Former New York Governor Eliot Spitzer criticized the federal response to the economic crisis in a lecture yesterday sponsored by Harvard’s Edmond J. Safra Foundation Center for Ethics, an appearance some media outlets called ironic due to Spitzer’s resignation in the midst of a prostitution scandal.
Speaking before a packed audience and news cameras, Spitzer emphasized that the Obama administration should invest more money in job creation and infrastructure, rather than directing money to propping up large banks and other bankrupt companies.
“Too big to fail is too big not to fail,” Spitzer said. “There are only two people who seem not to get that so far: [Former University President and National Economic Council Director] Larry Summers and [Treasury Secretary] Tim Geithner.”
Instead of giving $182 billion to insurance giant AIG, he said, the government should take such action as promising to buy 5,000 electric cars in 2013 and building electric charging stations along the highway system.
Spitzer criticized the federal assumption of bank debts, saying that socializing risk while privatizing gain creates an asymmetry and distorts incentives.
The former New York Attorney General also argued that the government must intervene in the marketplace in order to enforce integrity and transparency, claiming that markets will not address certain core values, including issues of discrimination and the minimum wage.
He added that only the government can ensure competition and prevent monopolies.
“I thought his suggestions were really enlightening, and politicians should pay more attention to them,” Amanda E. McGowan ’13 said.
Spitzer also addressed broader problems with corporate governance, which he said were “at the heart and soul of what has failed in the last 30 years.”
He emphasized that to limit the power of CEOs, shareholders must become more involved with reforming companies.
Spitzer served as New York’s main legal adviser from 1999 to 2006, when he became the state’s governor. In 2008, he resigned due to his connections with an elite prostitution ring. Prior to his address, numerous media outlets noted what some framed as a contradiction in the disgraced former governor speaking at a center for ethics.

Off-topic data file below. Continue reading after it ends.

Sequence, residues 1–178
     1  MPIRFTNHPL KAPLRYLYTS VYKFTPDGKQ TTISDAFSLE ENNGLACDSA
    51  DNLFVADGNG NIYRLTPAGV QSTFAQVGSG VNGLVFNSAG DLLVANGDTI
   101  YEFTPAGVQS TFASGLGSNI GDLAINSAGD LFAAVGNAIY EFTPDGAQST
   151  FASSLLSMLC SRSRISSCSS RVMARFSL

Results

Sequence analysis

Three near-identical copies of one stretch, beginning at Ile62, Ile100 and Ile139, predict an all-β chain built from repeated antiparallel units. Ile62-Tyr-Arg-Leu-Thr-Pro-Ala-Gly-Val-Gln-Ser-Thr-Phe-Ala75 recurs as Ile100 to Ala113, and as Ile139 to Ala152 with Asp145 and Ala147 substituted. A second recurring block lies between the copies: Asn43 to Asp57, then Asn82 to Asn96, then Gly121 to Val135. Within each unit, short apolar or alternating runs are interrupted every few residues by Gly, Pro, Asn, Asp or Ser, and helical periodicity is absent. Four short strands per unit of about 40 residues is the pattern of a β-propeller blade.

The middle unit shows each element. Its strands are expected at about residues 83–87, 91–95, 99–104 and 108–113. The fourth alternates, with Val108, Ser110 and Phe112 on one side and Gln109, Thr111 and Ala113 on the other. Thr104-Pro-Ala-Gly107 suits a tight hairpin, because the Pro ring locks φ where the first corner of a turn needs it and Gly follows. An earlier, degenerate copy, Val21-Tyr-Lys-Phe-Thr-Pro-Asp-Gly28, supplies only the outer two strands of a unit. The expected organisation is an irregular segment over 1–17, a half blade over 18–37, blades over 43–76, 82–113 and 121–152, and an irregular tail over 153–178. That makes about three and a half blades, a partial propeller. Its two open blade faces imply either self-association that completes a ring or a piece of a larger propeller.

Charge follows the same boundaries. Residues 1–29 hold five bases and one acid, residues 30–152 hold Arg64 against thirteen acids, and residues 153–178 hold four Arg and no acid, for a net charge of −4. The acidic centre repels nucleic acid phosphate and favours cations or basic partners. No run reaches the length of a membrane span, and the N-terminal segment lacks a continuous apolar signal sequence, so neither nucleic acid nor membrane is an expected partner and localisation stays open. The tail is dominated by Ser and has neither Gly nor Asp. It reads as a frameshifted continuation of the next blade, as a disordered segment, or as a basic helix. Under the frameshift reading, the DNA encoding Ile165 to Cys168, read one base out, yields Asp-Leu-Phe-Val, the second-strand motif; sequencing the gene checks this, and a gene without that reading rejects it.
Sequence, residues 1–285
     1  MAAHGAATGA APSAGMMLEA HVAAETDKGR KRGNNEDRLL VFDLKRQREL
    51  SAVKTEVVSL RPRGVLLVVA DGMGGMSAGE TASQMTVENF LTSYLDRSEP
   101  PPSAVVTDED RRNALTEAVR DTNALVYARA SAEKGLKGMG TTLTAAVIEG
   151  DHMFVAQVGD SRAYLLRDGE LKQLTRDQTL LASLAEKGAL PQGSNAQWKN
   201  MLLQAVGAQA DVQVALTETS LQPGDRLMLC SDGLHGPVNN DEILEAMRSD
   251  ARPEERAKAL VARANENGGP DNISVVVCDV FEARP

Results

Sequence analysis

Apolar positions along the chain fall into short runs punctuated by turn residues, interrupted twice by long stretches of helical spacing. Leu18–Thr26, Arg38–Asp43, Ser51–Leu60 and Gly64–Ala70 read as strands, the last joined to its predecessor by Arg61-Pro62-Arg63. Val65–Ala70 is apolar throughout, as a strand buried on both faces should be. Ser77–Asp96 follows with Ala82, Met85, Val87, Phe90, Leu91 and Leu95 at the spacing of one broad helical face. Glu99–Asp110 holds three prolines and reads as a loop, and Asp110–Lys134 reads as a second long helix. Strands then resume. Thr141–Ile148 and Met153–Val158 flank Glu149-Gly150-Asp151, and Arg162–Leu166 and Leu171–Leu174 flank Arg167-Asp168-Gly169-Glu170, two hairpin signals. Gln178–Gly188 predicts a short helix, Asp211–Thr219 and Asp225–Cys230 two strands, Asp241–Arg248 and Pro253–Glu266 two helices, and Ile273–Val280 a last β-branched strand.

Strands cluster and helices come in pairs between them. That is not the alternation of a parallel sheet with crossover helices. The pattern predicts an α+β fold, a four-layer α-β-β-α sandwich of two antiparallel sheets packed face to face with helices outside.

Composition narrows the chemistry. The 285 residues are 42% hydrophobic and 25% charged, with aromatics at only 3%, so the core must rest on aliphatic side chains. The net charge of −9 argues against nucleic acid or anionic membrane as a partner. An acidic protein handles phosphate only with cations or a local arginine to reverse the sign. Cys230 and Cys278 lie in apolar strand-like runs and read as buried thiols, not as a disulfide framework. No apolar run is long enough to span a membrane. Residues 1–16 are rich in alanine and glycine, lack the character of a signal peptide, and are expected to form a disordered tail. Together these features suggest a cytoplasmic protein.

Safra Center Director Lawrence Lessig introduced Spitzer as “perhaps the most important living prosecutor of a wide range of corruption.”
“No one doubts that what Governor Spitzer did was wrong, to his family, to his state, to his supporters across the country, to himself. This much is serious and clear,” Lessig said. “Likewise, no one doubts that until the moment he was charged, Governor Spitzer inspired the best in our profession.”
Following the lecture, one audience member asked whether Spitzer would comment on whether the revelations leading to his resignation were exposed due to someone’s ulterior motives, but Spitzer refrained from commenting.
“I won’t respond to it, and it’s not material to why I resigned,” said Spitzer, answering the question.
“I resigned because it was the right thing to do. The actions were wrong, and why they were made public doesn’t relate to anything I did, and it doesn’t excuse it,” the 1984 graduate from Harvard Law School added.
The lecture was one of several in a series on institutional corruption that Lessig launched this year.
Spitzer’s daughter, Elyssa A.L. Spitzer ’12, is a Crimson news editor.
—Staff writer Danielle J. Kolin can be reached at firstname.lastname@example.org.